if you need a power supply, you need a voltage power supply with some protection, not a current limiter.

my 0.02$
 

Offline Simon123

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Re: Psu with rotary switches
« Reply #2 on: October 08, 2013, 12:16:29 pm »

I want to use lm317 as 100mA current limiter connected to the switches.
With ohms law i calculated resistor values for difrent voltages.
At 10volts and 100ma i need 100ohm resistor and there are 2 to be able to heve 10 and 20 volts(i can dial up to 29.9 with other two switches.)
At 1volt i need 10ohm resistor and 0.1volt i need 1ohm resistor.
So, i i add up for example 100ohms for 10 volts and 50ohms for five volts i get  150ohms, -ohms law 150*0.1 =15 volts drop.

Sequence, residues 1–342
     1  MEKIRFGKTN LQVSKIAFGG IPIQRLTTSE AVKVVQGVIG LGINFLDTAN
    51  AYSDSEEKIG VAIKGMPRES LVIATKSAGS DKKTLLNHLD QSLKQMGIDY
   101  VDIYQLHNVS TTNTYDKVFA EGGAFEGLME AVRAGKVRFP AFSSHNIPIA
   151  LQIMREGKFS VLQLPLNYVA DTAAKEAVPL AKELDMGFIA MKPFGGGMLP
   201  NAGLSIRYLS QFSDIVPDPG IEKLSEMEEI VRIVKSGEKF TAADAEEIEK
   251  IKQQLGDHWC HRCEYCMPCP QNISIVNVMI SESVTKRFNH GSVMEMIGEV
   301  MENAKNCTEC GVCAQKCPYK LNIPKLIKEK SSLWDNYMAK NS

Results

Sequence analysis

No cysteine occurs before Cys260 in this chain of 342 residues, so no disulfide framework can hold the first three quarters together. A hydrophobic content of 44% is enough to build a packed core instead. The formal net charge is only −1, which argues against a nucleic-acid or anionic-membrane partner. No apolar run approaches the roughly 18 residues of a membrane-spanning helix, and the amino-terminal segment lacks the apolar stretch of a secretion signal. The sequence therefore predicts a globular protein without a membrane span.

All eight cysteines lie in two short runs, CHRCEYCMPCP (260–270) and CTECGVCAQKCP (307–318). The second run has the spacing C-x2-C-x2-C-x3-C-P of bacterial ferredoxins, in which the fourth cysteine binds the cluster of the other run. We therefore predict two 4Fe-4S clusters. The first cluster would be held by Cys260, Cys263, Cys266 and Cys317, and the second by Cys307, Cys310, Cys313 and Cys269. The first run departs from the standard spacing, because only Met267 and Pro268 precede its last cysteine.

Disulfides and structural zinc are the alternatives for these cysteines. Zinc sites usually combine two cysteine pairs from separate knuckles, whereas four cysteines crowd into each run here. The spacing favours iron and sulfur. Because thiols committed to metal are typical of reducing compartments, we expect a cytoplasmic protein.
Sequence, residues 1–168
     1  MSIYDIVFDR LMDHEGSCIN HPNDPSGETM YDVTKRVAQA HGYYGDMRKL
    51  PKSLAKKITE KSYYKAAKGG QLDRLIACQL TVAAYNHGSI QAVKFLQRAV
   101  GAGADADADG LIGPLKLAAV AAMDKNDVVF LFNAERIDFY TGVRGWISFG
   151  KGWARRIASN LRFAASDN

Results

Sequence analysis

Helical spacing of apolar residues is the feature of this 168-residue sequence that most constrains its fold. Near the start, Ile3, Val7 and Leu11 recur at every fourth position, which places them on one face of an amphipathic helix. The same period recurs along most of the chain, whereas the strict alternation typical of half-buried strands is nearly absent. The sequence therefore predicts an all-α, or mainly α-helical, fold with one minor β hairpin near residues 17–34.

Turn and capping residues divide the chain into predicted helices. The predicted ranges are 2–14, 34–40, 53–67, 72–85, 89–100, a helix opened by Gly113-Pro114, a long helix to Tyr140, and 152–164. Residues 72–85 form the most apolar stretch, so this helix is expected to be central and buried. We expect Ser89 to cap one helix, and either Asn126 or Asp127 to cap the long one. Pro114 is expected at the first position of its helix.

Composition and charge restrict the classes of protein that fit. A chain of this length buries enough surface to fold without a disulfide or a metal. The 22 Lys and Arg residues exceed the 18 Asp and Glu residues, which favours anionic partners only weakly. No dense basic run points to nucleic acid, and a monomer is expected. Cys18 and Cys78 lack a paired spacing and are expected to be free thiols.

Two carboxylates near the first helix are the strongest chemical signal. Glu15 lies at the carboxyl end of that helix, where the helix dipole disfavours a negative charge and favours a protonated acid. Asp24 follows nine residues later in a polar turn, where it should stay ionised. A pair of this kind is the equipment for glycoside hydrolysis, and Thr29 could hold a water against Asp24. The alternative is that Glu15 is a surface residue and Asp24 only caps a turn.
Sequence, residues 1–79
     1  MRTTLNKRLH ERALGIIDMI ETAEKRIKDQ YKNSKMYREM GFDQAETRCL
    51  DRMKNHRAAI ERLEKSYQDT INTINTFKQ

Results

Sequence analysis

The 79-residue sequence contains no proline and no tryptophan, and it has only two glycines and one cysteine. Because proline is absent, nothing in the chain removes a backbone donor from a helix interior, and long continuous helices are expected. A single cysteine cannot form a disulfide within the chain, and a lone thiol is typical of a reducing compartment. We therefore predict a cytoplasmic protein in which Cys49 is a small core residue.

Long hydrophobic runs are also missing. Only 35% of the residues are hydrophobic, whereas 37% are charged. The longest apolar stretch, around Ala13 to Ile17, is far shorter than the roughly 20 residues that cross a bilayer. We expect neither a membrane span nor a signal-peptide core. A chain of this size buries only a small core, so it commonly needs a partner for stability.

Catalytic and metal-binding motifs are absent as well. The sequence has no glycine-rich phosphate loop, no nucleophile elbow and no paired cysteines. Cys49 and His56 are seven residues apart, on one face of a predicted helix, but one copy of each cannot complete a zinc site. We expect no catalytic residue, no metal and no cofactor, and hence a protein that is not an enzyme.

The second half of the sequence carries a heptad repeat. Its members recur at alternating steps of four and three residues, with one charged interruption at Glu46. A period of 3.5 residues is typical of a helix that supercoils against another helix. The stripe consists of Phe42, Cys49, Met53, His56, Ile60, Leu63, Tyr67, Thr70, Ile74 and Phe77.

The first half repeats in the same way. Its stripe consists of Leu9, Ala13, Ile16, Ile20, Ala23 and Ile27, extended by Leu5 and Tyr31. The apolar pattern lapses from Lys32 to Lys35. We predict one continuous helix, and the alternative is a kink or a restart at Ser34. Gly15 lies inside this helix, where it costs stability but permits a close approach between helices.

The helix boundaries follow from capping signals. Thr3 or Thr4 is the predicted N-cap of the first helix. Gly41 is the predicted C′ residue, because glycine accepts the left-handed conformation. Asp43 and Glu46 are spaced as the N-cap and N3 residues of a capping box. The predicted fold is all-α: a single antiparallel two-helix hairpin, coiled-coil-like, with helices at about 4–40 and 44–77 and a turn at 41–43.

This is just the regulation part, but i dnot know how to make output part with which is stable and amplifies my voltage from 100ma to max 8amperes.
 

Offline Simon123

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Re: Psu with rotary switches
« Reply #3 on: October 08, 2013, 12:25:27 pm »
Ignore op amp and transistors-output stage, beacuse this is what i dont want.
 

Offline magnus0re

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Re: Psu with rotary switches
« Reply #4 on: October 08, 2013, 01:03:55 pm »
have you read the datasheet for the lm317 ? if not, here it is:http://www.ti.com/lit/ds/symlink/lm117.pdf.

as you have stated it, My understanding of your design is:

100ma through resistor gives voltage.

then amplify voltage AND current to a power output of max 8Amps.

instead of doing this, you can simply use the circuit from Figure 39 in the datasheet. The voltage is controlled from R5, and you can swap that out with switches that make before break.